“How did you manage to cross?” “Whenever I felt myself toppling over to one side, I leaned to the other.” From our series 1001 Tales, compiled by Shanti.
Once, when the Hasidim were seated together in all brotherliness, pipe in hand, Rabbi Israel joined them.
Because he was so friendly they asked him: “Rabbi, how should we serve God?”
He was surprised at the question and replied: “How should I know?”
But then he went on to tell them this story…
There were two friends of the king and both were proved guilty of a crime. Since he loved them, the king wanted to show them mercy, but he could not acquit them, because even a king’s word cannot prevail over the law. So he gave this verdict: a rope was to be stretched over a deep chasm, and, one after another, the two were to walk across it. Whoever reached to the other side was to be granted his life.
It was done as the king ordered and the first of the friends got safely across.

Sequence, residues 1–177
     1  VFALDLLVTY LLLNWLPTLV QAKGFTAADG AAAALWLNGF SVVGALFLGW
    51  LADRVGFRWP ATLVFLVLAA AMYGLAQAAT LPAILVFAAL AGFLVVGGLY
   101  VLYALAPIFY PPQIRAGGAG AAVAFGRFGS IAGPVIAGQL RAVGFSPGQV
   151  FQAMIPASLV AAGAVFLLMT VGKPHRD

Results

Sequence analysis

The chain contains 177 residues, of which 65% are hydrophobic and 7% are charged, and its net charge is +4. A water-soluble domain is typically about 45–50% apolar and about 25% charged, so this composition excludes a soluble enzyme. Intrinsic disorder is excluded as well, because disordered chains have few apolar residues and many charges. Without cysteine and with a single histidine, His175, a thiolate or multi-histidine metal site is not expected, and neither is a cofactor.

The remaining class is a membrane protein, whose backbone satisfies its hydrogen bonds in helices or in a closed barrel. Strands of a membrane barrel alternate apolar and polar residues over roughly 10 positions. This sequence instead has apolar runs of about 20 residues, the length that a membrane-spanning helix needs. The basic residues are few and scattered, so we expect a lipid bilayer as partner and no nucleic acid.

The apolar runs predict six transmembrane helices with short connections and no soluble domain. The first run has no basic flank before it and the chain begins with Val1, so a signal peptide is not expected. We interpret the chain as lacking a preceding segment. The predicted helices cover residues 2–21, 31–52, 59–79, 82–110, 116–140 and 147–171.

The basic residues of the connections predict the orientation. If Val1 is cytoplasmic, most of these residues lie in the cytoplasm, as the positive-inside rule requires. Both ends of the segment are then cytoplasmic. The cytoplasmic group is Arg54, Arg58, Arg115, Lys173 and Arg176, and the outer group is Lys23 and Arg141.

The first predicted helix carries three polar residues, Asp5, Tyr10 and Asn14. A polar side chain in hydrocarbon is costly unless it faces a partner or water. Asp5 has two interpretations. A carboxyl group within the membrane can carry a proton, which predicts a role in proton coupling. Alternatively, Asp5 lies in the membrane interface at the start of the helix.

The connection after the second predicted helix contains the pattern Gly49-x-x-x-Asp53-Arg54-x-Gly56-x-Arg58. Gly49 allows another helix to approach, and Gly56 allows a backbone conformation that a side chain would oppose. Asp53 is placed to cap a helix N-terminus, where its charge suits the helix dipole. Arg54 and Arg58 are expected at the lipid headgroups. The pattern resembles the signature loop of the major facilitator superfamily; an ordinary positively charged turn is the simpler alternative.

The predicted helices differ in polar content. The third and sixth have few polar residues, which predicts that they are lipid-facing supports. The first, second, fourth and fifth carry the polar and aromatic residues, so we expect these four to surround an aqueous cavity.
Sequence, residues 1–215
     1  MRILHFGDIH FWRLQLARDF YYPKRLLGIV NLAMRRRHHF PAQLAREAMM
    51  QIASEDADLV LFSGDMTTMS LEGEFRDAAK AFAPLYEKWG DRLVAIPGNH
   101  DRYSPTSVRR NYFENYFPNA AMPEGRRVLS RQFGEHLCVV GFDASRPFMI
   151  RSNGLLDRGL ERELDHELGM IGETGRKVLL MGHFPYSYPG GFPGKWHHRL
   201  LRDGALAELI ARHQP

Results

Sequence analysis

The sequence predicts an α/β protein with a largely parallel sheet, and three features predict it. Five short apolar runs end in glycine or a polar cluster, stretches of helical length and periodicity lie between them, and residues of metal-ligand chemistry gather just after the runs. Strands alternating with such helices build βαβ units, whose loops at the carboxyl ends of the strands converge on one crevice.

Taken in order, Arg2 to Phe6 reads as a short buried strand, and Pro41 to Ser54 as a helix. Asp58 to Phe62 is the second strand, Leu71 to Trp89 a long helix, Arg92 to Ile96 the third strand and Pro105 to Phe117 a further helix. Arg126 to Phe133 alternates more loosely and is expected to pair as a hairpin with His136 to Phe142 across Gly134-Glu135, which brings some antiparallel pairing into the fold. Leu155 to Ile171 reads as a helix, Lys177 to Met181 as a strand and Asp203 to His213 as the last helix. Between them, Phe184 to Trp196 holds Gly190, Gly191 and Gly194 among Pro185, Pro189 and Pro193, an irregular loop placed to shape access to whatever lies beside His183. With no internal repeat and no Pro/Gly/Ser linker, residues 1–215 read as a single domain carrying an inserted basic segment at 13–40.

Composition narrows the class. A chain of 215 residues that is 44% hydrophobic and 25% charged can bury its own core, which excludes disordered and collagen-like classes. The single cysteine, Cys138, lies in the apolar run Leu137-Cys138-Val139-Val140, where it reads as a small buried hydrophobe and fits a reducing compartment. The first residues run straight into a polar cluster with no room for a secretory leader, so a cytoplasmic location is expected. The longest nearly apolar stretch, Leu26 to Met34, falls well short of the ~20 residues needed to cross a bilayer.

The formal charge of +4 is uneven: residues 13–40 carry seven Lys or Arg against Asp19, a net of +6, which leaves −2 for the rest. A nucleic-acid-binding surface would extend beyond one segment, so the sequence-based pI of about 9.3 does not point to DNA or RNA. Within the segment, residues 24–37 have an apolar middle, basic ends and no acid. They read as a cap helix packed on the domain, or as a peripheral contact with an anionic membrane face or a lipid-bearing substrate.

The other, still standing on the same spot, cried to him: “Tell me, friend, how did you manage to cross?”
The first called back: “I don’t know anything but this: whenever I felt myself toppling over to one side, I leaned to the other.”
[…] The Rabbi is saying to his disciples, ‘You ask how we should serve God?’ He was indicating with this parable: remain in the middle.
Don’t indulge too much and don’t renounce too much. Don’t be only in the world and don’t escape out of it. Go on keeping a balance. When you feel that now you are falling into too much indulgence, lean towards renunciation, and when you feel that now you are going to become a renunciate, an ascetic, lean back again to indulgence. Keep in the middle.
Quote by Osho from The Art of Dying – Talks on Hassidism, Ch 3
Rabbi Yisroel (Israel) ben Eliezer (born circa 1700, died 22 May 1760), often called Baal Shem Tov (bɑːl ˈʃɛm ˌtʊv/), or Besht, was a Jewish mystical rabbi and is considered to be the founder of Hasidic Judaism.